In keeping with the duality set up by its title, “A Strange Affinity to the Beautiful and the Dreadful” explores the antipodal forces of dark and light, death and life, good and evil that shape our imagination, and, the show suggests, our reality. Nimbly curated by Maureen Sullivan, the exhibition boasts an extensive roster of contemporary heavy-hitters – including Marilyn Manson, Ugo Rondinone, Sue De Beer, Alexa Garrity, and Artslant’s own Trong G. Nguyen – and posits as its framework the age-old conceit of the fairytale. Featuring sculpture, painting, video, audio installation and photography, “A Strange Affinity” acknowledges the contradictory relationship between fear and fantasy that is epitomized by that oral tradition: a story told to children, but intended to communicate macabre, adult life lessons.
While many of the artists have contributed works that reference specific stories from our collective consciousness, others investigate the various forces operative in fairytales by utilizing techniques and motifs traditionally employed in their telling. Like an incantation, which achieves its desired goal through rhyme and repetition, Julia Chiang’s “Promised, Promises” (2009) is comprised of those two words written obsessively over and over again on a white sheet of paper in black ink. The work embodies a naïve trust in the power of “the promise” that is at once endearing and tinged with foreboding: we can only imagine that the writer’s faith will imminently be corrupted by a lifetime of disappointments.
Throughout the exhibition, the possibility for discovery and wonder is consistently colored by an equally potent potential for disaster: Manson’s portraits are images of passion, but also of suffering, steeped in blood and flesh. “The Man Who Eats His Fingers (Self Portrait)” (2006), for example, a delicate watercolor rendered in a tender palette of blues and rosy pinks, depicts a man contorted and deformed by self-mutilation. Ms. Chiang’s “Never Enough” (2009) is an installation of porcelain apples glazed in gold that alludes to a story we know and love: Snow White. Like a manifestation of temptation, the fruit is piled on the floor at the entrance to the gallery; the motif immediately recalls humankind’s history of descent into sin and the inevitability of our proverbial “fall from grace.” We cannot help but imagine Eve in the Garden of Eden or the fair, raven-haired damsel, too inclined to trust, who falls prey to a dissembling foe. We are familiar with the endings to these stories, but the apples remain endlessly appealing.
Loaded references to magic – that force which can be used for good but is often perverted and abused, used to oppress and to torture – abound. And death, realized or impending, is everywhere: Zomo’s “Pretty as a Princess” (2011), three blonde wigs hung in a row on the wall, offers a playful invitation for make-believe, a little girl’s dress-up dream, as well as an image of a beheading’s aftermath. “Til Death Do Us Part” (2008) occupies a stretch of floor approximately the size of a bed, or a grave, with an abundance of diamonds made from white porcelain, in varying sizes. The title evokes both the longing for a princely rescue via marriage – frequently the “happy ending” desired by storied damsels in distress – and the somewhat darker results of such a union: the termination of independence, tumult and conflict, the suppression enforced by compromise and the deadening of passion.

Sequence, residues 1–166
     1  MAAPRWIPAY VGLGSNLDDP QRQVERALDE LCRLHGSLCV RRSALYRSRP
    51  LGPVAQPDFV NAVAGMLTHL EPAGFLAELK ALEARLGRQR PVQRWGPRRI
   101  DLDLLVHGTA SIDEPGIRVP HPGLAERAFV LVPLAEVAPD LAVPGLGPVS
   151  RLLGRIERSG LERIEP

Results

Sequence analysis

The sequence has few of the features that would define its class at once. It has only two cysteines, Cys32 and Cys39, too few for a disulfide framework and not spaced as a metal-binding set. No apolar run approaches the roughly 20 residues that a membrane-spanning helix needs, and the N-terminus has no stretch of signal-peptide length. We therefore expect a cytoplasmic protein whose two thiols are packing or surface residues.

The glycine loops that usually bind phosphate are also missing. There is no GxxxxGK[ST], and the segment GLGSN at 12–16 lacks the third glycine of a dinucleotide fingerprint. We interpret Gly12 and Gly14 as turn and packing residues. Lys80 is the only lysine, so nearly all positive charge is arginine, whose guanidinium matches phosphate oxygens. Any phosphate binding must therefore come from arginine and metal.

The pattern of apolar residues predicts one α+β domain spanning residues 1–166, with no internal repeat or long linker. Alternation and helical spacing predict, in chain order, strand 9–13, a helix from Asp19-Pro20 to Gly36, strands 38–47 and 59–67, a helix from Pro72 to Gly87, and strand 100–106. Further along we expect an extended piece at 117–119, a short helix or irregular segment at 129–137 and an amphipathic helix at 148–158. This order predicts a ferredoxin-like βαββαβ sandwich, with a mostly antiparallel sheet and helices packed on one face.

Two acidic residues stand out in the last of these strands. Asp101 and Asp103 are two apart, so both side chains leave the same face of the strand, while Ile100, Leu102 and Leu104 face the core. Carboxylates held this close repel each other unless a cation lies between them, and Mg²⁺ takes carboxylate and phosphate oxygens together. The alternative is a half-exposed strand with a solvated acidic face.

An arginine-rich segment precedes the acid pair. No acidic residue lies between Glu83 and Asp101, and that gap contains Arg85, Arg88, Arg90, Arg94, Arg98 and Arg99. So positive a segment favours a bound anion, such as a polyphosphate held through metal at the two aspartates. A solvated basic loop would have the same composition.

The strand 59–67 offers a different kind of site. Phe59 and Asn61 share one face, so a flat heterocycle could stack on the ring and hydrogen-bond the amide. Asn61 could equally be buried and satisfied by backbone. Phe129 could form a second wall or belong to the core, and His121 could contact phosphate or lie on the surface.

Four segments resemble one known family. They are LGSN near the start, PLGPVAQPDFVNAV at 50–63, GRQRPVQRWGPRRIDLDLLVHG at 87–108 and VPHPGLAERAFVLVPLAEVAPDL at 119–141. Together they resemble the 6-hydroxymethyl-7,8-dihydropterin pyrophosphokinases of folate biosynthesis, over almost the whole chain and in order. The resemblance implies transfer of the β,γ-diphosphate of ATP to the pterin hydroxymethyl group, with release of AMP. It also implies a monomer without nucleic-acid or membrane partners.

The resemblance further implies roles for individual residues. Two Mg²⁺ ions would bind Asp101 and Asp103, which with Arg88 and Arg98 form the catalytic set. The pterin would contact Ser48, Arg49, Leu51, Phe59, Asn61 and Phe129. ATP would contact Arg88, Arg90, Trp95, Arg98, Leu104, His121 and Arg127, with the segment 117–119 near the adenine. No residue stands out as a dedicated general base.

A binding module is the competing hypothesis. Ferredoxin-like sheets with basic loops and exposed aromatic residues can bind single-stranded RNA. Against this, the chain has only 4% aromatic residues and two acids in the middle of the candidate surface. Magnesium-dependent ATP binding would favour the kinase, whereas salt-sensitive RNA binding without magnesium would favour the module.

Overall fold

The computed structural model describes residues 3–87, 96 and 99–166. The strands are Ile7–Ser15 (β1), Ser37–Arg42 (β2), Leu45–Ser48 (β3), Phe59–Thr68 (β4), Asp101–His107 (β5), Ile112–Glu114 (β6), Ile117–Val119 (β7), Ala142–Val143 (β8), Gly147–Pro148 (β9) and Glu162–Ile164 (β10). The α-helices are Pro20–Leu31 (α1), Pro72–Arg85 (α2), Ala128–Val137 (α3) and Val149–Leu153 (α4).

Downstairs, pending danger is given new meaning with a series of powerful installations. Broadcasted in the basement’s stark, metal hallway is “Nostalgia and Marlow,” a touching work by Damien Echols, who has been on death row since 1994. The work comprises an audio recording of a morbid, tragic fairytale of isolation and loneliness that Echols wrote while in prison, and is, as such, the product of a seemingly interminable purgatory, its author awaiting a sentence that does not come and confined in the meantime to a prison of his thoughts. Bjorn Melhus’ 28-minute video “The Meadow” (2007) is an excellent, artfully executed horror film that never quite arrives at horror, keeping viewers eternally on edge. Again utilizing the tradition of repeated strains – in this case a series of images, shots, and sounds – Melhus eerily builds layers into the tension by sampling seemingly innocuous recordings from the Disney movie “Bambi” and incorporating them incongruously into the film at highly uncomfortable moments.
Taken together, the works assert the fluidity of the line between fantasy and reality and bring to the surface the fears, desires, betrayals and jealousies that we generally believe are consigned exclusively to the sub-conscious and the imagination. Our dreams and nightmares are present in our lives, they declare. Imagery of the forest abounds – that dark, verdant space in which sheer volume and compression defeat depth perception and all looks the same, tall trees extend into the black of the night and carry along incessantly in every direction. The world, “An Affinity” would have us believe, has much in common with that iconic site of terror and discovery; our paved, civilized roads and cities are in fact as mysterious and un-chartable as Hansel and Gretel’s infamous woods.
Images: Bjorn Melhus, The Meadow, set photo by Ralf Henning, 2007, Video, 28 minutes, Courtesy of the artist; Marilyn Manson, The Man Who Eats His Fingers (Self-portrait), 2006, Aquarell, Tusche, Acrylic, Courtesy of the artist and Brigitte Schenk Gallery; Sue De Beer, Untitled, 2011, Plywood, lights, light stand and metal base, Courtesy of the artist and Marianne Boesky Gallery.